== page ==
Photo: Rachel Reich

Year One: relationships and hookups in university

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By Nicole Di Donato

You may have aced high school dating, but get ready for a whole new dating game. In first year, I’ve learned that the rules you used to follow are nothing like the ones present in university.
Everything moves a lot faster, both emotionally and physically. There is a new vocabulary that emphasizes the expectation that relationships and hookups in university are short term and often times, not serious.
“The main difference is the freedom you have,” said Manahil Munim, a first-year creative industries student. “In university the odds are that either you or the person you are hooking up with lives on their own and that makes it entirely different. You are not restricted by time or by your parents, and you have the freedom to do whatever you want whenever.”
“Ever since university I thought hookups weren’t as much of a taboo thing,” said Alexander Tersigni, a first-year political science and governance student. “If you were just like friends with benefits or hooking up with someone in high school, if the rest of the school found out it would be a big gossip fest. Everyone would talk about you, but now it’s like you have a hookup and you tell someone, they’re like, ‘great I don’t care.’ Everyone is too busy with their own stuff so it’s much more laid back.”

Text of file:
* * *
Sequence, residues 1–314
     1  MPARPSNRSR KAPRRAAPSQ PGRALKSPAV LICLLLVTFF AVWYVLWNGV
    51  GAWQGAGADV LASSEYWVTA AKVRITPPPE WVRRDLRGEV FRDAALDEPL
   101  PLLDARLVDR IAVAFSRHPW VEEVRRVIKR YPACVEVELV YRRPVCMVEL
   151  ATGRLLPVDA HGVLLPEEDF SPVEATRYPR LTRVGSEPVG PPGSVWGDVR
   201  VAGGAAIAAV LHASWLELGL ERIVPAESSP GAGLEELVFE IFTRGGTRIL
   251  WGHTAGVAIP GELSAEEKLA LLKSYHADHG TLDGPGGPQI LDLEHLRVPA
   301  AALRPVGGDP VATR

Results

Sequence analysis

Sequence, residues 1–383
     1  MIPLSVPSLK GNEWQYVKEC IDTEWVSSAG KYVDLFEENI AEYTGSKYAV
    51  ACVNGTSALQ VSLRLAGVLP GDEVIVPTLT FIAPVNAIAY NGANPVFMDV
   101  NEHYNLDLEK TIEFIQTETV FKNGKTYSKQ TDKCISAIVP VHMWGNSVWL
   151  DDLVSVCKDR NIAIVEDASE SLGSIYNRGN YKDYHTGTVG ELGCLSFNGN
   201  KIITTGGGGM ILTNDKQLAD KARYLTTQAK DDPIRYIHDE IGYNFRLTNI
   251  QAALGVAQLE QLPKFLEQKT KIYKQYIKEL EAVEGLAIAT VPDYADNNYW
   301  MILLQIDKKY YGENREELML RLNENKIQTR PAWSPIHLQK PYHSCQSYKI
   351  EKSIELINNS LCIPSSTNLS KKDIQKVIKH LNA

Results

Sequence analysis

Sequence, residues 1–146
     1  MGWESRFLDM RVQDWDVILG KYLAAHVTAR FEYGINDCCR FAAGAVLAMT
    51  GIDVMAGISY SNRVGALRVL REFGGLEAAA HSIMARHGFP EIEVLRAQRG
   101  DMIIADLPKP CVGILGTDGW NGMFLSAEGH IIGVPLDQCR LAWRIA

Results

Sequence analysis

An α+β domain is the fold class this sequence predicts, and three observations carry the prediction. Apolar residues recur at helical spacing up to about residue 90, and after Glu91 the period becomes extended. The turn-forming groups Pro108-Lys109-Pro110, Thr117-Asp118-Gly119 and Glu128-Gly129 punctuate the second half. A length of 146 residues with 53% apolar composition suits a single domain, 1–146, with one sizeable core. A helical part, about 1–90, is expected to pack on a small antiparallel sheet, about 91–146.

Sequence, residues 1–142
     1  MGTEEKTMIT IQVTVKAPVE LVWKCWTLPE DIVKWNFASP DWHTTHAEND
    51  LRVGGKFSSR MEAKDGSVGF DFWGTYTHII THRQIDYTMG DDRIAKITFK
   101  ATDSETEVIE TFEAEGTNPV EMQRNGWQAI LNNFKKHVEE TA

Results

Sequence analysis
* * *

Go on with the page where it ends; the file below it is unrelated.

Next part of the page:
Here are some common relationships and hookups that you will either personally experience or will see others experience throughout first year:
1) The one-night stand  
Even if you haven’t had a one-night stand in university, you definitely know someone who has or have witnessed someone in residence doing the “walk of shame” the next morning. University life is seen as a time of sexual liberty, in which students fall into the arms, and soon after, the beds of strangers one time, and one time only. It can seem like an expectation for first years to have multiple one-night stands and to not catch feelings for the people they hookup with. Although I think this may be true for some people, it certainly isn’t true for everyone.
“I guess I’ve had one-night stands, I mean I’ve had times where I’ve hooked up with someone once and then kind of never again,” said Tersigni. “I don’t think I’ve ever hooked up with someone so far and then just never talked to them again or didn’t really know them. Like I always had dialogue with them beforehand. I feel like I have to know them as a person no matter how hot they are.”
In most cases, first years hookup with more people than they did in high school because: a) there are more options, b) you are living on your own, and c) it is first year university.